There is good news and bad news from Liberia, which is emerging after two successive civil wars that left approximately 250,000 people dead. A small movement has organized around men who have sex with men (MSM), HIV/AIDS and gay rights in the West African nation.
First the bad news: As soon as tomorrow the Liberian senate could consider a proposal to strengthen the nation's existing anti-gay laws. The bill would make homosexuality a first degree felony and punishable by up to 10 years in prison, reports the South African Press Association and the AP. The bill was submitted by Sen. Jewel Taylor, former president Charles Taylor's ex-wife.
The current law considers gay relationships a first-degree misdemeanor, which carries a punishment of up to a year in prison. If passed by the Senate, the strengthened bill would then go the House and then the president.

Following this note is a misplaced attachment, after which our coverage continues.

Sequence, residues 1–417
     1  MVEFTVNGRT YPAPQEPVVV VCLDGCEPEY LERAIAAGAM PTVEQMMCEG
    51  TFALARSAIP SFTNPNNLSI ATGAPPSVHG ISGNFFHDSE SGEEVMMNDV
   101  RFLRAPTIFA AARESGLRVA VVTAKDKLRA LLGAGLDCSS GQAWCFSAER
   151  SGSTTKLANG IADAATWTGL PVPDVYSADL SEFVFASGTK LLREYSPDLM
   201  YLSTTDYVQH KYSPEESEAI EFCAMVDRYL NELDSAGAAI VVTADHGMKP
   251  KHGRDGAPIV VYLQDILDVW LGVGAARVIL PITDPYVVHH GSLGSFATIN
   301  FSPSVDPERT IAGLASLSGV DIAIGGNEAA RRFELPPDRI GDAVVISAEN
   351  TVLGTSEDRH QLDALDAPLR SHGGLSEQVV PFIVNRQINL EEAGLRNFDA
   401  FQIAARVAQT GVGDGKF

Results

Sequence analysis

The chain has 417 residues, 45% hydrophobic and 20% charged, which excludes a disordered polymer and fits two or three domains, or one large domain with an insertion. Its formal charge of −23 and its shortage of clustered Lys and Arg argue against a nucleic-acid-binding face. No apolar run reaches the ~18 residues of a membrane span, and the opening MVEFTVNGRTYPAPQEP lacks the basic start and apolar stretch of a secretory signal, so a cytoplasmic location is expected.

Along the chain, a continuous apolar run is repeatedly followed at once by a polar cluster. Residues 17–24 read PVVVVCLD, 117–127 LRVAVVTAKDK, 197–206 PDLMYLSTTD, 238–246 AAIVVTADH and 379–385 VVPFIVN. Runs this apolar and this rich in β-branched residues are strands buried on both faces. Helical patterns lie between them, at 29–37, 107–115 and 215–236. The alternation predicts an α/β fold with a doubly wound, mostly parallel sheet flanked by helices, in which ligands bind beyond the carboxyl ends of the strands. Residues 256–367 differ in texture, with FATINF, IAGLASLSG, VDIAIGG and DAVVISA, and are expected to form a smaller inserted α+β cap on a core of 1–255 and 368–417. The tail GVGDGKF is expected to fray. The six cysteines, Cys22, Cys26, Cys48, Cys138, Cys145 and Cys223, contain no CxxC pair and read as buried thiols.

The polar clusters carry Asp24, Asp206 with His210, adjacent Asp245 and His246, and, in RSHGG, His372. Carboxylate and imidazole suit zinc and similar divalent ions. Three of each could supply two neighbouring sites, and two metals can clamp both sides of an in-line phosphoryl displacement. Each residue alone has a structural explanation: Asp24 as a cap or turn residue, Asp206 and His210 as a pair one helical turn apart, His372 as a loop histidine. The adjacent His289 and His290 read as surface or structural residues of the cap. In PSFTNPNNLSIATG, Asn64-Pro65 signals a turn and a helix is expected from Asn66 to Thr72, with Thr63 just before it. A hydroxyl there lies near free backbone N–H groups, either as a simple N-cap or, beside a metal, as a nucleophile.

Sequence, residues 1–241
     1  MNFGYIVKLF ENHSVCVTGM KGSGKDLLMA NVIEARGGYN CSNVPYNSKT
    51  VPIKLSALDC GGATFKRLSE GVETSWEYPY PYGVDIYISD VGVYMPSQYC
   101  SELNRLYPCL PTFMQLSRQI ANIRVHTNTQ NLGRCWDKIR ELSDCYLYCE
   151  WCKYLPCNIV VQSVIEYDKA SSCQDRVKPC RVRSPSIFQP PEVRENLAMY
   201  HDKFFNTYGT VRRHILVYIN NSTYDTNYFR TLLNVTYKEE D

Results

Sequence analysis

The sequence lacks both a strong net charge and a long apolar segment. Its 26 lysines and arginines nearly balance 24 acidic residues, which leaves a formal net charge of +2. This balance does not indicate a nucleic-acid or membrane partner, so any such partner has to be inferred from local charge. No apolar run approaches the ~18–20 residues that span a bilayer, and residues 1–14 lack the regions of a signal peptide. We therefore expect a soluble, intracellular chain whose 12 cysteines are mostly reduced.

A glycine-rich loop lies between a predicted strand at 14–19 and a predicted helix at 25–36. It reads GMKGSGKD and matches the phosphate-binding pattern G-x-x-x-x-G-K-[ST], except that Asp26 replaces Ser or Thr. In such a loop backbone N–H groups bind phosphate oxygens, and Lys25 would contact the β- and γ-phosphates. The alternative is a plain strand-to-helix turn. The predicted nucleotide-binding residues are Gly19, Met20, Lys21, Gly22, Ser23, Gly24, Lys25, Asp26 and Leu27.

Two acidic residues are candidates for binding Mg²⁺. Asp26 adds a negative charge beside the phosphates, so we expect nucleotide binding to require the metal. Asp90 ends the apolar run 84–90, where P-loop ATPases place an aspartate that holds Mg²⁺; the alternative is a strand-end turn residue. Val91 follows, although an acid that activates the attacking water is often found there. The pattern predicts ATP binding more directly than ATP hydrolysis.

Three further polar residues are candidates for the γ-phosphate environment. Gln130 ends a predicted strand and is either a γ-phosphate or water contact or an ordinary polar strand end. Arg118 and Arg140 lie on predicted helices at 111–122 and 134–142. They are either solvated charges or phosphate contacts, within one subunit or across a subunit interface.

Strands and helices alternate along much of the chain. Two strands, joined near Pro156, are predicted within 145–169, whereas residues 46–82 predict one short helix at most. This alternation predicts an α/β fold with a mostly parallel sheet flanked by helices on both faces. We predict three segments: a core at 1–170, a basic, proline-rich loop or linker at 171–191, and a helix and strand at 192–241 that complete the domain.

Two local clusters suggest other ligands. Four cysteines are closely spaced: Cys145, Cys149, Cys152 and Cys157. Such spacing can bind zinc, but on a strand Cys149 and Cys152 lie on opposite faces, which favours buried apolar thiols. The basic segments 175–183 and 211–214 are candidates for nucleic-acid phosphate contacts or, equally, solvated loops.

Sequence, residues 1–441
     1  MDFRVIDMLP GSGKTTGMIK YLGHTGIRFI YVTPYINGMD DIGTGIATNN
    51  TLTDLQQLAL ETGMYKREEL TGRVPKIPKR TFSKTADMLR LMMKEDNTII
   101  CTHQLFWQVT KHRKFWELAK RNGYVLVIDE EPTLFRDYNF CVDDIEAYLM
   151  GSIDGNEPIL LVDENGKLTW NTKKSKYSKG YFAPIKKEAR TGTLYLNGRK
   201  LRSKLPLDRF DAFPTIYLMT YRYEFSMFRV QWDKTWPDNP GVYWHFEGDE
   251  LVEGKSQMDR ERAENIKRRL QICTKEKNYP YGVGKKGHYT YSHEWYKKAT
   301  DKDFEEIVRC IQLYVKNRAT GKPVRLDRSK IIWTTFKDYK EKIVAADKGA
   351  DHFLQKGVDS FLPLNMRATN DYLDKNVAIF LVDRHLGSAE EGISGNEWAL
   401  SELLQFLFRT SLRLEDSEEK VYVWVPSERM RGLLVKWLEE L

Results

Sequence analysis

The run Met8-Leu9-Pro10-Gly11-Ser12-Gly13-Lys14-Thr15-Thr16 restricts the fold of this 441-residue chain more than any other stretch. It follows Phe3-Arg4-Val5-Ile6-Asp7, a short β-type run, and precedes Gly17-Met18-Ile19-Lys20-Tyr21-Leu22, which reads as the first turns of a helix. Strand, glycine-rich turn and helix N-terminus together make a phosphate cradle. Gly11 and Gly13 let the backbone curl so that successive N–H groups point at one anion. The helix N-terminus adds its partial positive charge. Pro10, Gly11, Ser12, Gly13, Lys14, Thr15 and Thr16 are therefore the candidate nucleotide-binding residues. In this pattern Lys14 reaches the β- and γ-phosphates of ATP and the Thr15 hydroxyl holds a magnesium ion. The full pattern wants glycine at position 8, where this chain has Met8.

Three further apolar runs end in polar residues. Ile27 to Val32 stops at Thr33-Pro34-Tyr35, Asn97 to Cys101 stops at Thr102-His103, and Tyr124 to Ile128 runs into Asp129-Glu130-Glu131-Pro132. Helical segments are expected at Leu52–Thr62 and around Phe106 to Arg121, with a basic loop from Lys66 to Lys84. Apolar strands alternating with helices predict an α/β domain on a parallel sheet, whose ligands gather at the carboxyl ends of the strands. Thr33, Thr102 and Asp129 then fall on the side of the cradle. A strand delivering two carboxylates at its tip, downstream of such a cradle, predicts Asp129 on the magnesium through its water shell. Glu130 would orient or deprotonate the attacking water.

Charles Taylor is currently being tried at the International Criminal Court in The Hague on an 11-count indictment for war crimes. His wife is restricted from leaving the country.
Liberia is one of at least 38 of Africa's 54 nations that currently have laws penalizing same-sex relations or even sexuality. Four nations—Mauritania, Nigeria, Somalia and Sudan—boast the death penalty for gays or same-sex activity. South Africa and Seychelles are the only African nations that protect LGBT rights. South Africa is also the only African nation to guarantee marriage equality.
Liberia has a historic relationship with the United States dating back almost 200 years. The nation was founded by freed American slaves in 1820, Washington is its closest trade partner and it uses the US dollar as its national currency.